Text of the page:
The service brake pedal was located to the left of the throttle pedal in standard automotive orientation.  Both pedals were tested and moved freely.  Spring returned them when released without obstruction. 

The steering was controlled by a ½ inch “Mono Control” joystick type rod with a plastic knob threaded on its end that traveled up or down in a slotted guard.  The joystick was spring-centered and caused right and left machine articulation movement with the speed of articulation being proportional to the lever displacement and motor speed.  With the joystick in the down position, the Wagner turned left in forward travel. 

A hinged, forked mechanical steering lock was added to the joystick guard.  Its intent was to hold the joystick in the centered position.

Equipment Testing

To complete the site investigation, the Wagner involved in the accident was inspected to facilitate function testing.  Multiple machine mechanical and safety deficiencies required repairing, before the Wagner could be tested.

Once repaired for testing, the machine was able to articulate fully to the left as it did in the accident. To articulate, the machine had to overcome the fact that the park brake was set, friction from contact with the mine floor, and turn up hill against the 13 percent grade.  The Wagner was articulated to the left multiple times to show the positon and closure necessary to simulate the condition that occurred during the accident.  It took an average of 28 seconds to close to the steering stops.  The gap between the operator’s compartment frame to the water tank frame, when fully articulated to the left to the steering stops, measured 3 ½ inches (see Appendix C).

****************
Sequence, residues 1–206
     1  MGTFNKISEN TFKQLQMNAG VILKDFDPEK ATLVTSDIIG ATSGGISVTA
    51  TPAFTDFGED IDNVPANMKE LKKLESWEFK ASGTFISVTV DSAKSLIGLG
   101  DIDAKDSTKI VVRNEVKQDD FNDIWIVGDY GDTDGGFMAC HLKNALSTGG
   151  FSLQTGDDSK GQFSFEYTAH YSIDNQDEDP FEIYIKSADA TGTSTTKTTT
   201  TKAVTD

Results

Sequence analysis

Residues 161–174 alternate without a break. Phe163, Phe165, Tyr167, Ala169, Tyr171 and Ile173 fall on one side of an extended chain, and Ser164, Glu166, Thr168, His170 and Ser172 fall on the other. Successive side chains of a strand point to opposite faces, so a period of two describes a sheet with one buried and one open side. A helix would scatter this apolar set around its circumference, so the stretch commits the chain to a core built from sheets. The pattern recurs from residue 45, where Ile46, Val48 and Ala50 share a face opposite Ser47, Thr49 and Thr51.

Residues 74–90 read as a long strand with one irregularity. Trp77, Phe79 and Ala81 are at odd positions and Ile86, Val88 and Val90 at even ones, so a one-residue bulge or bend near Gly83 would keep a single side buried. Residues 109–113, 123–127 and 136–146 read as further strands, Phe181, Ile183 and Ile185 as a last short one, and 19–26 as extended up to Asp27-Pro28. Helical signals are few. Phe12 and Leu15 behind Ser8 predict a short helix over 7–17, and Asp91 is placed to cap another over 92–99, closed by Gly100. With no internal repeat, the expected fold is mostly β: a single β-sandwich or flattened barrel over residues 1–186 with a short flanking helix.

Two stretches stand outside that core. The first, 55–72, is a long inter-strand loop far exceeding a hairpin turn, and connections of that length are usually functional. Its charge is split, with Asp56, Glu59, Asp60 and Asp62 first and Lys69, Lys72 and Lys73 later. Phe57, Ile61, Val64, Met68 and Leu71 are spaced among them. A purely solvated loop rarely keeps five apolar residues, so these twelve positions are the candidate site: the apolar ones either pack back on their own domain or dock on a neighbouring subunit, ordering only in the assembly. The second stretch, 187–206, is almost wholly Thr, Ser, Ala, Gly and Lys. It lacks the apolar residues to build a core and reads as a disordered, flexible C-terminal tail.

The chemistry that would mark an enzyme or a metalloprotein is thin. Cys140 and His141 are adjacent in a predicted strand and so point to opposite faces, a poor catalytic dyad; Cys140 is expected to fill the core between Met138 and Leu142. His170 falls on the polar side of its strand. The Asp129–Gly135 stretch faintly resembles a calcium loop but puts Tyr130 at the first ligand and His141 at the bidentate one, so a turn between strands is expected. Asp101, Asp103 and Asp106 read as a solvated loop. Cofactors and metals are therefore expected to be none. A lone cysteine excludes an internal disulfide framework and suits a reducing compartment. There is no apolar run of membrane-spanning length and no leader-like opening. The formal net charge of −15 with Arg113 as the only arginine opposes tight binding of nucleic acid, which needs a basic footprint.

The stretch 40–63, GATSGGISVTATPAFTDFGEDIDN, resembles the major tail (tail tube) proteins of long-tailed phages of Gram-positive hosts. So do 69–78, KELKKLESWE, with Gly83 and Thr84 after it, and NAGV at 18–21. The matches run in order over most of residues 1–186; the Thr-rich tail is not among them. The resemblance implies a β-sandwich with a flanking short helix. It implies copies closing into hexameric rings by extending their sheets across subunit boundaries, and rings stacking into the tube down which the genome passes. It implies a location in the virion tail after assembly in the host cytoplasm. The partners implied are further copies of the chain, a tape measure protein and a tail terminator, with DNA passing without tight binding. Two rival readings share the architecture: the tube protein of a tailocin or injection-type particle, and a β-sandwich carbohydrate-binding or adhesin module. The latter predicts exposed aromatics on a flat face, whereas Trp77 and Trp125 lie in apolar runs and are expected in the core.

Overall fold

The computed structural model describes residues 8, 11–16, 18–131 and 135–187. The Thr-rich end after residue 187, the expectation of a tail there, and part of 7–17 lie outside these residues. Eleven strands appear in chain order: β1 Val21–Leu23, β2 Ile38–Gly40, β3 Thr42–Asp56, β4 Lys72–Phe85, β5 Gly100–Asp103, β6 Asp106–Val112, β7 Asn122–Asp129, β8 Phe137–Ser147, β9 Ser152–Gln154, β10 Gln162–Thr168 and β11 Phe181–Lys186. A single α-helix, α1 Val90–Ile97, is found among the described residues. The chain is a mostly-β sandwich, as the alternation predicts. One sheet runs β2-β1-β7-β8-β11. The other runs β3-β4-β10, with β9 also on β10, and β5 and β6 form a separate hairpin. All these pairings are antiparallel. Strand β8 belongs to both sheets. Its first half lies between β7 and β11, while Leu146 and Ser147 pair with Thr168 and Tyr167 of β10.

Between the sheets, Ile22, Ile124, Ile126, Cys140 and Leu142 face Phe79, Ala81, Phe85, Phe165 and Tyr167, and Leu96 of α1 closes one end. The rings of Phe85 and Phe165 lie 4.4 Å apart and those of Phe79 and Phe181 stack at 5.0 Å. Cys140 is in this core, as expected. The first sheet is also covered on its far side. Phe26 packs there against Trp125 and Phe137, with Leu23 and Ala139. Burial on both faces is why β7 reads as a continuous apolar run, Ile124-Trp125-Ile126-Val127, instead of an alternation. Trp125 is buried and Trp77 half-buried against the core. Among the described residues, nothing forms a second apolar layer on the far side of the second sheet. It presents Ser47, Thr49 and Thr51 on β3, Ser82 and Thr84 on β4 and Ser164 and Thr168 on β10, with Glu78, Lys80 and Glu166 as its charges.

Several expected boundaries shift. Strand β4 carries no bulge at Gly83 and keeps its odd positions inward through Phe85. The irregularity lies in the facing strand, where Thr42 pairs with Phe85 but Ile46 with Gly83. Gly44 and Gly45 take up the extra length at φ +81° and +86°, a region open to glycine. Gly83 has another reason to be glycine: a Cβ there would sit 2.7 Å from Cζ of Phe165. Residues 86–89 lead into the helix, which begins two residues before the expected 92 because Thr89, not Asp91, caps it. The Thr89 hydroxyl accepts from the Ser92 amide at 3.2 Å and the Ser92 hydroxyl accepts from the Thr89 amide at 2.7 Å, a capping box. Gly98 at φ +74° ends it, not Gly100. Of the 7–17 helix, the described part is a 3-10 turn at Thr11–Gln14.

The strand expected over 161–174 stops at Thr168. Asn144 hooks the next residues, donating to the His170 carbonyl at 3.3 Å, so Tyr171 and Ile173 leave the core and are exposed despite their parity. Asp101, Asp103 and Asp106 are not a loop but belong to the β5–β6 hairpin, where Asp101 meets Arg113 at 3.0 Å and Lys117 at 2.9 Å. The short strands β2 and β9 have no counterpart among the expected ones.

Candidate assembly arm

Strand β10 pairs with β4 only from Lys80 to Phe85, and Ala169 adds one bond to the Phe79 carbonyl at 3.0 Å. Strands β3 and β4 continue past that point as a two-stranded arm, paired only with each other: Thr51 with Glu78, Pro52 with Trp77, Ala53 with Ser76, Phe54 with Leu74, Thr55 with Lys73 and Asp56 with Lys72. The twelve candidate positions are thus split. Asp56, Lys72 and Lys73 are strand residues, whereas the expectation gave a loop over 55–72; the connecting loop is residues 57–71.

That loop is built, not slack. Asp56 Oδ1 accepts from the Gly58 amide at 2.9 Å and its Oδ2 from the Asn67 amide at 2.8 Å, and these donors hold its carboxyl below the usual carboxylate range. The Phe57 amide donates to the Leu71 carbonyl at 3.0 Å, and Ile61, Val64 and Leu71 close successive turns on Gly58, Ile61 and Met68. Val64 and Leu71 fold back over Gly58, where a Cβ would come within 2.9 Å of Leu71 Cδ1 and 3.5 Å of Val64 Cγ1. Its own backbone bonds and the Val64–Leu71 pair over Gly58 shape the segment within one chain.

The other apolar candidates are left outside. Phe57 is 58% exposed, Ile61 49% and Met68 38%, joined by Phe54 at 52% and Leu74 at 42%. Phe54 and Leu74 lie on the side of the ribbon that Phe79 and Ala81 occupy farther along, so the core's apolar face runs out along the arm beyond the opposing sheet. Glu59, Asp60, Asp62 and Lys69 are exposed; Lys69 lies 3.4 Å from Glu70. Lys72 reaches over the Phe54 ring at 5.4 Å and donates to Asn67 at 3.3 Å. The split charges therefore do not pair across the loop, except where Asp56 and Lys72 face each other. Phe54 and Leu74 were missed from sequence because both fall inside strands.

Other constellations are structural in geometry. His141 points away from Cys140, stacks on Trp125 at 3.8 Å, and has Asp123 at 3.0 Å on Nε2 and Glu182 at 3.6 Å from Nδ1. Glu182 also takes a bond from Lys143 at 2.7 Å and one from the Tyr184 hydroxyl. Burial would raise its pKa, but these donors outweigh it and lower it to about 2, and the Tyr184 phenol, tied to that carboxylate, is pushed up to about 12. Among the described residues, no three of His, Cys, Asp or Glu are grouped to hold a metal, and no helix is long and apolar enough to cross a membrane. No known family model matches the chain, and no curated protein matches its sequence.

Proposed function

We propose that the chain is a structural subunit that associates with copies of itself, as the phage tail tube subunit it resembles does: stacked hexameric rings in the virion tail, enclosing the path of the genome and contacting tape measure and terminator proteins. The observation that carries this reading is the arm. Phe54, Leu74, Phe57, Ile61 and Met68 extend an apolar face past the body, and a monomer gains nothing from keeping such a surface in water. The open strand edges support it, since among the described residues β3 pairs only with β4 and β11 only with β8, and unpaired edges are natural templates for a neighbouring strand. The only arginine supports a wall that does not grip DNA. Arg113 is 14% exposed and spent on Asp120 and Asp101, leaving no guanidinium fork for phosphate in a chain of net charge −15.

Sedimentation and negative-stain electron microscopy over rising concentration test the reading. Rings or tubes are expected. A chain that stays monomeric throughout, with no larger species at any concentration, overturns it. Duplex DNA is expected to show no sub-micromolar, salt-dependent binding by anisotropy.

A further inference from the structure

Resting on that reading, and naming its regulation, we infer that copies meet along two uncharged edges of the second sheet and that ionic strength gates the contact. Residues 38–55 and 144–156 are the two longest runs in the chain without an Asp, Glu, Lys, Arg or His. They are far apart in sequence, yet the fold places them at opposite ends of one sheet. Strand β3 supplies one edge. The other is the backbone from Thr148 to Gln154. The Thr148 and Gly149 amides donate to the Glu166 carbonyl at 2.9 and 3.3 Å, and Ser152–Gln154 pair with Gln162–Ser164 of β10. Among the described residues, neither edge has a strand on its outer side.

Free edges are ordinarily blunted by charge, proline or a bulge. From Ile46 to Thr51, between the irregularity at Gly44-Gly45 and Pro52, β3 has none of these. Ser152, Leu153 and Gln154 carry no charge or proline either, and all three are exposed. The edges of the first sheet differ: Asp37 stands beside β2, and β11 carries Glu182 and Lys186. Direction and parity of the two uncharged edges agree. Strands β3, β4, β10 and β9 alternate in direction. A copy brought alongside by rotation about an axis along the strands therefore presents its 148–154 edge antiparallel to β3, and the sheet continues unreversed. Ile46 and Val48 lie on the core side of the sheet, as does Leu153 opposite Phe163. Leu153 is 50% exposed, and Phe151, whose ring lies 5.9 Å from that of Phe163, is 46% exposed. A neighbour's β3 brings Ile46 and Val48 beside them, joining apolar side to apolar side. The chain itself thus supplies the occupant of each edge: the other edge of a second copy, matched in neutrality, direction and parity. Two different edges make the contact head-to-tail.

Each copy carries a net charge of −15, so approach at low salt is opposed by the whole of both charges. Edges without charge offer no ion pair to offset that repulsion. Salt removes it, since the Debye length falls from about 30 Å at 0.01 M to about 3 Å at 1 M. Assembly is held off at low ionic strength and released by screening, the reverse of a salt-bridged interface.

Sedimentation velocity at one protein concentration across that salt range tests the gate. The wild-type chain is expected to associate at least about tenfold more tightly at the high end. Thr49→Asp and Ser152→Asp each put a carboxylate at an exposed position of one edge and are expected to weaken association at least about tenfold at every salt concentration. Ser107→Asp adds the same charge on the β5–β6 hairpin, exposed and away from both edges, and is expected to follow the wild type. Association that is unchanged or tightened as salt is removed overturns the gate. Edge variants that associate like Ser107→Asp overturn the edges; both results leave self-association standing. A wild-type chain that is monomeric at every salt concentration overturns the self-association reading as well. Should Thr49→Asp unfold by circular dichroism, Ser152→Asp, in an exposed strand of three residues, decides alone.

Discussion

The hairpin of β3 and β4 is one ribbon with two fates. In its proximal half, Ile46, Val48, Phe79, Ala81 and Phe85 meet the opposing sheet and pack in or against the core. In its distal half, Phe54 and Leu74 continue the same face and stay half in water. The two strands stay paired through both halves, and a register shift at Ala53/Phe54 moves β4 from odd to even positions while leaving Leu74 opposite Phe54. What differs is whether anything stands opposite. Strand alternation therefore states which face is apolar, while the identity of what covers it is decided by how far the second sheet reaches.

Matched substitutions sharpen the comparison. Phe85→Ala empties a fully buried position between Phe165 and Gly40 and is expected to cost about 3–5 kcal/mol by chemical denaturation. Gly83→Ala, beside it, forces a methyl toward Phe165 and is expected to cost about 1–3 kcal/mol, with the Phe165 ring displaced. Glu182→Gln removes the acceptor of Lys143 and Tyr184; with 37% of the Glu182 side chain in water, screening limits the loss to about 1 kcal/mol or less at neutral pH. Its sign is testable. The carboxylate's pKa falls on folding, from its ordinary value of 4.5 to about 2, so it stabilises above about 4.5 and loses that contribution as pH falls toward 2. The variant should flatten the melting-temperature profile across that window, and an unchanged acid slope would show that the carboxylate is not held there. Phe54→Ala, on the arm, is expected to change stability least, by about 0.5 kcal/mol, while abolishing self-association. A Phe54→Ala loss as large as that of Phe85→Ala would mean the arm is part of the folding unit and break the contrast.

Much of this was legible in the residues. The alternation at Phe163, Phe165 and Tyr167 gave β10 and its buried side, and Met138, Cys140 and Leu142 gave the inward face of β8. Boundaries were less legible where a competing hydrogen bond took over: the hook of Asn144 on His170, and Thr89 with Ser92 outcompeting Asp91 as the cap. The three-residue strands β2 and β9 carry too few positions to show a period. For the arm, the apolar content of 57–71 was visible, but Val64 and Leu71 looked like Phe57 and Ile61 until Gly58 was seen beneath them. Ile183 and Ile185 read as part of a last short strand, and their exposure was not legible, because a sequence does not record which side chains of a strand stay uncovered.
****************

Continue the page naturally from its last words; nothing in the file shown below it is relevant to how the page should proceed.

At some point in time, after original manufacturing and prior to West Ridge’s purchase, metal blocks were added to the original steering stops at the articulation frame that increased the closure distance between frames, so that a miner could potentially not be crushed if his body was in the articulation area. The off side steering stop plate was measured at 4 ¼ inch long by 2 ¼ inches wide and estimated to be ½ inch thick.  When examined, the operator’s side forward steering stop was missing.  This allowed the closure, frame to frame, at the pinch point where the victim became entrapped.  These steering stops were not original to the machine when manufactured (see Appendix C).